Unformatted text preview: f 2
Solution. We build up to a formula for g (x) using intermediate functions as we’ve seen in previous
examples. We let g1 take care of our ﬁrst step. Theorem 1.2 tells us g1 (x) = f (x)+2 = x2 +2. Next,
we reﬂect the graph of g1 about the xaxis using Theorem 1.4: g2 (x) = −g1 (x) = − x2 + 2 =
−x2 − 2. We shift the graph to the right 1 unit, according to Theorem 1.3, by setting g3 (x) =
g2 (x − 1) = −(x − 1)2 − 2 = −x2 + 2x − 3. Finally, we induce a horizontal stretch by a factor of 2
2
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using Theorem 1.6 to get g (x) = g3 2 x = − 2 x + 2 2 x − 3 which yields g (x) = − 1 x2 + x − 3.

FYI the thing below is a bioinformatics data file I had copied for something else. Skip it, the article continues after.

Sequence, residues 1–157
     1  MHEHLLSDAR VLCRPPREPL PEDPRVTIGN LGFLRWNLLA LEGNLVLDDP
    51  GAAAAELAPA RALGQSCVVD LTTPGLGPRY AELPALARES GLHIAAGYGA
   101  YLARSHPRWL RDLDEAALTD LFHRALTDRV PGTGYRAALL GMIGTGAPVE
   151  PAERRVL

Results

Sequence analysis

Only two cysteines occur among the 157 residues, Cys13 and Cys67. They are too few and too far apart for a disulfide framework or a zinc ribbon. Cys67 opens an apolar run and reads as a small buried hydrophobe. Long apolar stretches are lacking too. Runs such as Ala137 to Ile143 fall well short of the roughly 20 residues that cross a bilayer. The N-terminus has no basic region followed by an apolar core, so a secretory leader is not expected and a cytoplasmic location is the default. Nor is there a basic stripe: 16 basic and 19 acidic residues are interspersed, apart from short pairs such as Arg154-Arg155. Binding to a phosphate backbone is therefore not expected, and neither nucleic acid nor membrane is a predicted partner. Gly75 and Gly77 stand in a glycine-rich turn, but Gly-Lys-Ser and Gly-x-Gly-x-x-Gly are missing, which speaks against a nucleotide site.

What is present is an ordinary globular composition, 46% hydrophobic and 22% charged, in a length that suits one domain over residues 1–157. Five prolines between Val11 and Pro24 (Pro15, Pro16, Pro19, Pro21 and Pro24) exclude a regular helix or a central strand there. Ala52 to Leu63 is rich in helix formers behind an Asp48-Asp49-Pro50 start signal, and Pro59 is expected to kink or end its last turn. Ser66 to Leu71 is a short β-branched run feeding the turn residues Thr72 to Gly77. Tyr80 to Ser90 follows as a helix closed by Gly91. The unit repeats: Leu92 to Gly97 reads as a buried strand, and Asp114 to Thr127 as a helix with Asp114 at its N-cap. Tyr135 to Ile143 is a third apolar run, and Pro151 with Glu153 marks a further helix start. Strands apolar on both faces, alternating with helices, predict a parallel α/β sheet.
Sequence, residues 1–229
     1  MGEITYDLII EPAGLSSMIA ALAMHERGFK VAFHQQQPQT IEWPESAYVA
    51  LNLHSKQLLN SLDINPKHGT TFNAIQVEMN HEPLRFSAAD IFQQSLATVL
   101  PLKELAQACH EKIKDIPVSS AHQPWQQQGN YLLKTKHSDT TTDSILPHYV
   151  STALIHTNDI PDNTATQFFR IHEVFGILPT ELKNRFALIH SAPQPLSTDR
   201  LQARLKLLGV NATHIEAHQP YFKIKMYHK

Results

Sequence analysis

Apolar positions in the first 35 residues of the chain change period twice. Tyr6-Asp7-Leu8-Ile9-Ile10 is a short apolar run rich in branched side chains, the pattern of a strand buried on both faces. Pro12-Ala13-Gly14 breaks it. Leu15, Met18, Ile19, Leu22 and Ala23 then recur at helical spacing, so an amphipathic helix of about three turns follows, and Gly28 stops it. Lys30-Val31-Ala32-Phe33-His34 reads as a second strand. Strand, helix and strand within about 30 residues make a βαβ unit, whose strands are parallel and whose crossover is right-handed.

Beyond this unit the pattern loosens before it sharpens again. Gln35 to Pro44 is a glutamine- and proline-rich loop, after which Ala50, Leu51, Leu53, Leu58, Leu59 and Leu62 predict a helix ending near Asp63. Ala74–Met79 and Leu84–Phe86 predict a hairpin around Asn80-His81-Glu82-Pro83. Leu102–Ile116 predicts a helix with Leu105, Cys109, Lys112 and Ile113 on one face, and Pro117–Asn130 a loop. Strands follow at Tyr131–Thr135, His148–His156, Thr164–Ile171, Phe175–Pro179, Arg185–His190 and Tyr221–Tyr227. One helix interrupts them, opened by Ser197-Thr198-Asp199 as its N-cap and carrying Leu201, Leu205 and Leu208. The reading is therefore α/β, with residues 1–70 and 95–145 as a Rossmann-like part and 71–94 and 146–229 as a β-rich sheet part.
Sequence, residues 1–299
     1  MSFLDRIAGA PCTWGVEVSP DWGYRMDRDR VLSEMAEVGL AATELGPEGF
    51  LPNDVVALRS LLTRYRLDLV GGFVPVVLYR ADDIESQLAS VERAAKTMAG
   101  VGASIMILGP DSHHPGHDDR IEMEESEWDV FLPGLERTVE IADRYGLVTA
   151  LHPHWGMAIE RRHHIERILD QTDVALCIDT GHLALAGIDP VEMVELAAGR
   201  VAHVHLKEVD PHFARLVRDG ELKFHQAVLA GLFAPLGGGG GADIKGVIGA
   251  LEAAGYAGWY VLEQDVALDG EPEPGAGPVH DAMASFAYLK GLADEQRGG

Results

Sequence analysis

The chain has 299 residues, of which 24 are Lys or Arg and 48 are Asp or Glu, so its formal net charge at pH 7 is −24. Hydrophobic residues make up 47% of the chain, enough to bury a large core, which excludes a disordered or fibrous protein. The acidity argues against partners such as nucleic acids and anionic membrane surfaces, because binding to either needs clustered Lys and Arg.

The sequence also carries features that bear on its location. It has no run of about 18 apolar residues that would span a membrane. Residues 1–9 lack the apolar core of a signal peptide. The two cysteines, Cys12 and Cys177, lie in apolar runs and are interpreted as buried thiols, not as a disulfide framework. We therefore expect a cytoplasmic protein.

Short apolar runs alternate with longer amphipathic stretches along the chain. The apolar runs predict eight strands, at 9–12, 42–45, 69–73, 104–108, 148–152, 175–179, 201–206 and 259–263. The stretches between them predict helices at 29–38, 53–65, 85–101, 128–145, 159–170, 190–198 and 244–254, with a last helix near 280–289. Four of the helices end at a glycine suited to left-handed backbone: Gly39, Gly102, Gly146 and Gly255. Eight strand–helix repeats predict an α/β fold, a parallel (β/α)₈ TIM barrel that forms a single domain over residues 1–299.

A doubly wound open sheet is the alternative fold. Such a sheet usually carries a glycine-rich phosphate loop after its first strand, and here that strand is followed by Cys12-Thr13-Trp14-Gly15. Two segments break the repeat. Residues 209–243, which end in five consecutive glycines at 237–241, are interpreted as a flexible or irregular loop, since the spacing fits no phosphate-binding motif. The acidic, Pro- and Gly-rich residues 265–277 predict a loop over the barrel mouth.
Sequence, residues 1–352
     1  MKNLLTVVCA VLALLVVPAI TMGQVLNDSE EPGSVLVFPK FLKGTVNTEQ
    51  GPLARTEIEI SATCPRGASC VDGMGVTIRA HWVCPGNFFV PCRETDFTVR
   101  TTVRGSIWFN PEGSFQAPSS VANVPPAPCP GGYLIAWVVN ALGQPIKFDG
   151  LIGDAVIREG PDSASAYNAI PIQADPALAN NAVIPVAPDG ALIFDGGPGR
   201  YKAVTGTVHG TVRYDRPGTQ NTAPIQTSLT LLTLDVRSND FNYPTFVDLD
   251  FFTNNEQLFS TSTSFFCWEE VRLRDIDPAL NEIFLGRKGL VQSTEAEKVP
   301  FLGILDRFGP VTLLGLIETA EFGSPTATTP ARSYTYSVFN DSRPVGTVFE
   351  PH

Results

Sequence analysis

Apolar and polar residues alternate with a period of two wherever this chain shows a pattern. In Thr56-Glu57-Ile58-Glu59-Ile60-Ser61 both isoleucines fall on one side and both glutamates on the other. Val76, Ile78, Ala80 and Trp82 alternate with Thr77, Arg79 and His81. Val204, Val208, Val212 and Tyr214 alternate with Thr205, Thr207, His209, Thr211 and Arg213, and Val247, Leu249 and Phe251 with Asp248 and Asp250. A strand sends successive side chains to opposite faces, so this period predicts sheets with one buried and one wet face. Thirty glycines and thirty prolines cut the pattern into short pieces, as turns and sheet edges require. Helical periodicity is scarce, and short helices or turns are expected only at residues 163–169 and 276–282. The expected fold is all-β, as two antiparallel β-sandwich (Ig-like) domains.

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We use the calculator to graph the stages below to conﬁrm our result. shift up 2 units −− − − − −→
−−−−−−
add 2 to each y coordinate y = f (x) = x2 y = g1 (x) = f (x) + 2 = x2 + 2 reﬂect across xaxis −− − − − −→
−−−−−− multiply each y coordinate by −1 y = g1 (x) =
11 x2 +2 You really should do this once in your life. y = g2 (x) = −g1 (x) = −x2 − 2 1.8 Transformations 103 shift right 1...
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 Fall '13
 Wong
 Algebra, Trigonometry, Cartesian Coordinate System, The Land, The Waves, René Descartes, Euclidean geometry

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